This is a "funny", sad, tragic and sick story. Yes, sick!
If you’re someone who reads the Samoa Observer online, then you would have read about a “short-finned pilot whale” stranded on a beach at one of the villages in the “Navigator Islands.”
According to the report the whale was stranded because “it was sick.” Now, today, in most countries - not all - the animal would have been rescued/saved, nursed back to health, cared for and then released. But not in these islands where by the time marine conservationists arrived, “portions of the whale had already been cut and parts of it were used for oil, while some eaten.” Wow, sick!
But how would anyone explain or justify the actions of these villagers on the poor thing? Well actually there are several or maybe a few reasons. Let me count:
1. Is it religion? These are church-going, Bible believing people and they would say, subconsciously at least, that man was given “dominion over the fish of the sea, and over the fowls of the air, ....” Haha ..dominion or duh-minion? now that's sick!
2. Is it culture? Samoans believe in luck and/or serendipity at best. They recite the native expression “Ua faiva ese lo Pepe” which welcomes any good fortune, no matter how it’s obtained....Another common expression that encourages the same attitude is “Ae’ae ia lea manu ua ulu,” (Let’s avail ourselves to unexpected fortunes.) especially when the villagers - according to the report - tried to push the whale back to sea while on the reef and yet it still drifted back to shore ...Regardless, it's still sick!
3. Is it appetite? These islanders love to eat and feast ...Oh yeah? ...still a sick excuse, and I hope they don’t get sick or become sickly! By the way, have you heard of some victims of the 2009 tsunami who died because they were busy collecting the fishes left by the receding tide? ... sickos!
4. Is it conquest? What? ... Huh? ...How?
Ok, can we really blame these natives for their impetuous satiety? Put on your thinking taumata (fisherman’s visor/cap).
These islanders are descendants of seafaring ancestors and warriors. They survived from their conquests of the biggest ocean on the planet and the sometimes forbidding environment. The sea is their main source of livelihood and survival. But the sea also is a colosseum for their young adventurous marine gladiators.
As a little boy, I have seen days when the fisherman sat atop the heroes’ pedestal. In these navigator islands, a fisherman who catches a shark makes a victory and honor “lap” before mooring. As soon as he crosses the reef channel into the lagoon area, he raises his paddle straight up and spins it while doing an impression of the Michael Jackson high pitched scream. The natives call the utterance a faaumu or onomatopoeically, a “choosoosoo”. This is to announce to the villagers that he has returned with a sizeable catch; he’s won a trophy. The fish (almost always a shark) will then be cut up and distributed among the families, including the pastor/minister.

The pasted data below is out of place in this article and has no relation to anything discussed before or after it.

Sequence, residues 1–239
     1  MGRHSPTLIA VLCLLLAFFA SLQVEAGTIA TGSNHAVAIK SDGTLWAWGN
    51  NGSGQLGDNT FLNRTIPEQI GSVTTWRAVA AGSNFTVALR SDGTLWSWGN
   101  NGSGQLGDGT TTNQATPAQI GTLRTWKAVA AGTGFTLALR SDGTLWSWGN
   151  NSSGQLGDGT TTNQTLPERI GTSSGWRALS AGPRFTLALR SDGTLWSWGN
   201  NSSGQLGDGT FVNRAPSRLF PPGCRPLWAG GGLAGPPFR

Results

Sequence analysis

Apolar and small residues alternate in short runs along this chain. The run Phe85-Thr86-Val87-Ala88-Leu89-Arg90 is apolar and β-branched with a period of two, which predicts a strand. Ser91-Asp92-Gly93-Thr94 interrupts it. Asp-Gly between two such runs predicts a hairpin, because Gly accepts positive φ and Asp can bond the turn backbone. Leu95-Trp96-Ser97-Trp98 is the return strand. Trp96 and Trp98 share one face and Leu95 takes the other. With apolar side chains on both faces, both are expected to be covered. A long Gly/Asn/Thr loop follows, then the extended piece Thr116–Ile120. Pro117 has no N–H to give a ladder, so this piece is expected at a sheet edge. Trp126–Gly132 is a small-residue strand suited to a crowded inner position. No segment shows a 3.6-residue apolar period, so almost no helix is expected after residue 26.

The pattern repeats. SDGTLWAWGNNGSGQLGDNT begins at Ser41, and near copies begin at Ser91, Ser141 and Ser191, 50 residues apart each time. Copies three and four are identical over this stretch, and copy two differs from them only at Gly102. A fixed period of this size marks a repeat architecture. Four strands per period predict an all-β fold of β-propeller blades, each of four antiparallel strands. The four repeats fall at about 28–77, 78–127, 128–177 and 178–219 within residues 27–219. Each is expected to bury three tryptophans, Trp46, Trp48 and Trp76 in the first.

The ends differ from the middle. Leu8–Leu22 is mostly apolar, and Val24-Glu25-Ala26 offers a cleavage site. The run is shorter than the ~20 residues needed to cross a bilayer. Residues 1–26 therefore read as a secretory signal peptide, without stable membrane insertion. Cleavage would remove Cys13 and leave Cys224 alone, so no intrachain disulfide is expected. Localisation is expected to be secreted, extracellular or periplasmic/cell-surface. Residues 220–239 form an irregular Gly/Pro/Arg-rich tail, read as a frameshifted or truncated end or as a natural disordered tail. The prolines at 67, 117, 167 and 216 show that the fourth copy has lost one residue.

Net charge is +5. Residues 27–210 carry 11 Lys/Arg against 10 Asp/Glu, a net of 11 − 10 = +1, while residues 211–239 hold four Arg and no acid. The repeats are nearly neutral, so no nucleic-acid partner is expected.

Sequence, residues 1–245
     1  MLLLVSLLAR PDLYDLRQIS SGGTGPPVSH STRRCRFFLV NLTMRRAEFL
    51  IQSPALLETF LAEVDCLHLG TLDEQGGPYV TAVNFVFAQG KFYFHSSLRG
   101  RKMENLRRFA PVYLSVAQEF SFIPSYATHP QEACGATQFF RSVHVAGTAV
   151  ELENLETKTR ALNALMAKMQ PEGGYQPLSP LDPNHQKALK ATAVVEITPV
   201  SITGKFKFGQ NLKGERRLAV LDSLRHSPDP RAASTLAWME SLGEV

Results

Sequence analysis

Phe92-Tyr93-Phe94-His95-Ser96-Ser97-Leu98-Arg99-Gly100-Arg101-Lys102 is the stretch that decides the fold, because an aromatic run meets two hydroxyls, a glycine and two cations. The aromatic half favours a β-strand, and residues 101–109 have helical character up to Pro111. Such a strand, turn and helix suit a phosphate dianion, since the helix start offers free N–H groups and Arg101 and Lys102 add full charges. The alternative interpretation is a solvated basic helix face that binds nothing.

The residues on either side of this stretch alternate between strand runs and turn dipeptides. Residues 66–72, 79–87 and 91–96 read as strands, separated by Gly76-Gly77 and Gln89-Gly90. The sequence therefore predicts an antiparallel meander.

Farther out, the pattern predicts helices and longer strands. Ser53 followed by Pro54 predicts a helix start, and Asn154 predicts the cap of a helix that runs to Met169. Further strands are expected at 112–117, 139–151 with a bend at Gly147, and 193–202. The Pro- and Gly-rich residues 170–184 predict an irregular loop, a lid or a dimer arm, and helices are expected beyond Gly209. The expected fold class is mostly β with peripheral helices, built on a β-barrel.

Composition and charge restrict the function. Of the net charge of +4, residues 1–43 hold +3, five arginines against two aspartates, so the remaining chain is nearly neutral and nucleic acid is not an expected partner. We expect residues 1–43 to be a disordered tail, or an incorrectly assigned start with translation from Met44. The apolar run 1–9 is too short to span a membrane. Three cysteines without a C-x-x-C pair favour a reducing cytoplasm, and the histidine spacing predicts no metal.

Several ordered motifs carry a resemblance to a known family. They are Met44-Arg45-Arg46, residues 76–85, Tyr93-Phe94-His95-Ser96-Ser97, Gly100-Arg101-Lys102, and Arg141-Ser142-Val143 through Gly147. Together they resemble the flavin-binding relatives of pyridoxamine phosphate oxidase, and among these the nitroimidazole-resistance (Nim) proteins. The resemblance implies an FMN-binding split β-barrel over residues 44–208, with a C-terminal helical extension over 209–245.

In other words, even a stranded sea animal may and can still be considered a catch, hence a victory and conquest for the natives, albeit over a helpless and sick - but still edible - sea creature. LOL!
Well, again, I hope these islanders do not get sick from eating meat from a sick sea monster. Either they’ll get really sick or - based on some modern slangy scrumptious context of the buzzword - they’ll just say, while munching on a big pilot whale fillet “Mmmmmm, this is sick!”
Oh, and speaking of getting sick from eating certain foods, I was surprised at the muli (oops, I mean si’usi’u) pipi (turkey tail) ban by the government. Only in Samoa too? Hey, Stui, and HRPP, how about banning alcohol and cigarettes - or at least a huge quantity of them? I hear that they are planning a second brewery in the country. Is there not enough beer in Samoa? And don’t tell me that Vailima is generating a lot of revenue from overseas sales. Yeah right! Drink On, I mean Dream On! Even an average Samoan knows that there are many more people getting sick and dying (physically and morally) from effects of tobacco and alcohol than from a tail of a bird.
Also, please let the doctor, not a government, tell the people what food is good and not good for them! Or are most of the doctors in Samoa also employed by a government hospital? Ok, then to that I say, "That's sick!"